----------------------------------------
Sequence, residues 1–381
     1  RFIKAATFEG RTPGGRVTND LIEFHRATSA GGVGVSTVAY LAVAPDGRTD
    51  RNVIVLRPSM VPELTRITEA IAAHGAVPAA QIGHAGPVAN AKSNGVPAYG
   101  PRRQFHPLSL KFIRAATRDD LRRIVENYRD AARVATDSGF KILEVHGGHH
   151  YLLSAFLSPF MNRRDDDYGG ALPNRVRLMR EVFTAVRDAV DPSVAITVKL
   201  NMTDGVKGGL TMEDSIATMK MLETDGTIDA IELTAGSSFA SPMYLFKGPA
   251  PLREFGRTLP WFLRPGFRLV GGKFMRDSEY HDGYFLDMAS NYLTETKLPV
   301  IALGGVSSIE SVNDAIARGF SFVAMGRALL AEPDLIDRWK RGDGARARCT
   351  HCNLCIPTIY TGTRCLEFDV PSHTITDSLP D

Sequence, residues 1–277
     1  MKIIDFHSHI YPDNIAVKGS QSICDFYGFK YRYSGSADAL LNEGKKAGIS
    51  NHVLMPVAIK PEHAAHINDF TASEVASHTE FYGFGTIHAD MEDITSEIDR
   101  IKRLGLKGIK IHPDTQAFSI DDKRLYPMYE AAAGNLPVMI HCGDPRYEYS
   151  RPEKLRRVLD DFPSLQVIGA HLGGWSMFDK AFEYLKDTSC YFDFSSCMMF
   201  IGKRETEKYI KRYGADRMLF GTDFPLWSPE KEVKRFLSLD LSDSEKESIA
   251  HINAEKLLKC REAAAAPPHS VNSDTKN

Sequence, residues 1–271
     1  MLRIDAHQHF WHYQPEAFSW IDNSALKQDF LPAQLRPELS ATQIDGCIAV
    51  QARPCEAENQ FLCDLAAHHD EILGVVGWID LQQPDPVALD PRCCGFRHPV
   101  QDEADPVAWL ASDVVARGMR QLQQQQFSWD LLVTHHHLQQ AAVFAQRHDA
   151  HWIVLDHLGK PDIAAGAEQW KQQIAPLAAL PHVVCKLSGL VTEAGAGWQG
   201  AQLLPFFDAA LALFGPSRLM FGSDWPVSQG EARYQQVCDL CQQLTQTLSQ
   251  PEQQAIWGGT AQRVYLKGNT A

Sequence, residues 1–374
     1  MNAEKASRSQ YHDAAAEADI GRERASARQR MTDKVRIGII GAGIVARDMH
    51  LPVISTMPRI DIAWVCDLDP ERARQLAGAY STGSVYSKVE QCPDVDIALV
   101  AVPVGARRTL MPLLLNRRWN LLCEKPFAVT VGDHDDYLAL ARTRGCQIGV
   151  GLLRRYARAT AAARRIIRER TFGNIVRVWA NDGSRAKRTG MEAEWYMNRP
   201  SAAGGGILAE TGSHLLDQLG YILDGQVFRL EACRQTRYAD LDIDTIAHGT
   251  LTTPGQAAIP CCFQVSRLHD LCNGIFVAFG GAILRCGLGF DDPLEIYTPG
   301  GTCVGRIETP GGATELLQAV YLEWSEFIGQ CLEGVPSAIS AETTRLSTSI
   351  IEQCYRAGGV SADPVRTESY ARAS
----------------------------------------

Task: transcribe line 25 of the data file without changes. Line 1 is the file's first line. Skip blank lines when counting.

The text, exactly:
     1  MNAEKASRSQ YHDAAAEADI GRERASARQR MTDKVRIGII GAGIVARDMH